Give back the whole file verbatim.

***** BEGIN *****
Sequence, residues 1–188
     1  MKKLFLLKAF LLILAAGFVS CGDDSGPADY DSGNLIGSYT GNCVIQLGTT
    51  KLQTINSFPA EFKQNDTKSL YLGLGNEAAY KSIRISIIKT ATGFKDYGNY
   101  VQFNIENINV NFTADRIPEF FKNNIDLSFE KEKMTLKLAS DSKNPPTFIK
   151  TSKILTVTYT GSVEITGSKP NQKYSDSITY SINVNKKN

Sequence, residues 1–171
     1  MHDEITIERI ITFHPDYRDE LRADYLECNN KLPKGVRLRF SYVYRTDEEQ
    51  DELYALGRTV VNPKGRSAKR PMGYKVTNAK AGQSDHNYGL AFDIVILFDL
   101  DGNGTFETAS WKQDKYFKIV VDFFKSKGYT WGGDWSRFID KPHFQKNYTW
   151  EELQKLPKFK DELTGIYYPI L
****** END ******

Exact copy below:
Sequence, residues 1–188
     1  MKKLFLLKAF LLILAAGFVS CGDDSGPADY DSGNLIGSYT GNCVIQLGTT
    51  KLQTINSFPA EFKQNDTKSL YLGLGNEAAY KSIRISIIKT ATGFKDYGNY
   101  VQFNIENINV NFTADRIPEF FKNNIDLSFE KEKMTLKLAS DSKNPPTFIK
   151  TSKILTVTYT GSVEITGSKP NQKYSDSITY SINVNKKN

Sequence, residues 1–171
     1  MHDEITIERI ITFHPDYRDE LRADYLECNN KLPKGVRLRF SYVYRTDEEQ
    51  DELYALGRTV VNPKGRSAKR PMGYKVTNAK AGQSDHNYGL AFDIVILFDL
   101  DGNGTFETAS WKQDKYFKIV VDFFKSKGYT WGGDWSRFID KPHFQKNYTW
   151  EELQKLPKFK DELTGIYYPI L